Tell us about your work at the N2 Group.

“I’m no longer running the marketing communications agency since June of this year. We have a great leader (he is good manager, too) in Jarno Varis, who joined us in the beginning of the year. That has given me more time to do new things, and work with our existing agencies and staff. Naturally, I’m involved with new business, and business development in general, but as the CEO of the group of companies my main task – in my opinion – is to find out where, why and how we should go next. We just launched Mellakka Management, which is an extension to our influencer marketing/PR agency. Mellakka mean “riot” in Finnish. The company manages creative influencers. I’m currently working on setting up a new vertical offering on a select business area. I’ll tell you all about it soon.”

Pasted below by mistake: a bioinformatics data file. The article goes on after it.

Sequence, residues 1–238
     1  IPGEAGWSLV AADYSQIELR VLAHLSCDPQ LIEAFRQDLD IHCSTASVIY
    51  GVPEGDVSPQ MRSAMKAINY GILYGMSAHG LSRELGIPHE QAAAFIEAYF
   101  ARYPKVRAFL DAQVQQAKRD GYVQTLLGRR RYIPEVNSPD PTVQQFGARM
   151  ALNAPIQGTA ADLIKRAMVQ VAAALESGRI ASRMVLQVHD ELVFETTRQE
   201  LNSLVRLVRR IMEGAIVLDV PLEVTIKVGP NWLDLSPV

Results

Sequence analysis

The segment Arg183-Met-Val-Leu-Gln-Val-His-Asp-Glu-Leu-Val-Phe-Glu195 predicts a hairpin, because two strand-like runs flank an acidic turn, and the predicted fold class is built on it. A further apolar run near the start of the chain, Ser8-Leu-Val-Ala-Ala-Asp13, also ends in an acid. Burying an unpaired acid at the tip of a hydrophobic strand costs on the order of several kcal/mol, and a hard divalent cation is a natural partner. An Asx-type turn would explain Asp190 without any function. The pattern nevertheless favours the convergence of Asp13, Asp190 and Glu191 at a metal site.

How do you approach such diverse clients as Audi, Lapin Kulta, Kotipizza, The City of Helsinki, Honor and others?

“The approach is always the same. We are here to help our clients do better business through creative solutions. We are definitely the more strategic and business-oriented agency of the lot. There are naturally several factors that are different from one business area to another, but in many ways there are similarities and similar problems to be solved. I’ve worked in this industry for over 20 years, and I’ve yet to meet a client that doesn’t want more sales. But how that is done in a way that creates long-term positive effect for the company and creates brand value is much more complicated issue.”

“I’ve yet to meet a client that doesn’t want more sales.”

Alex Nieminen
N2 Helsinki Oy

Are you planning a follow-up book to “Exposure” (Aula, 2003) about social media in the late 2010s (or beyond)?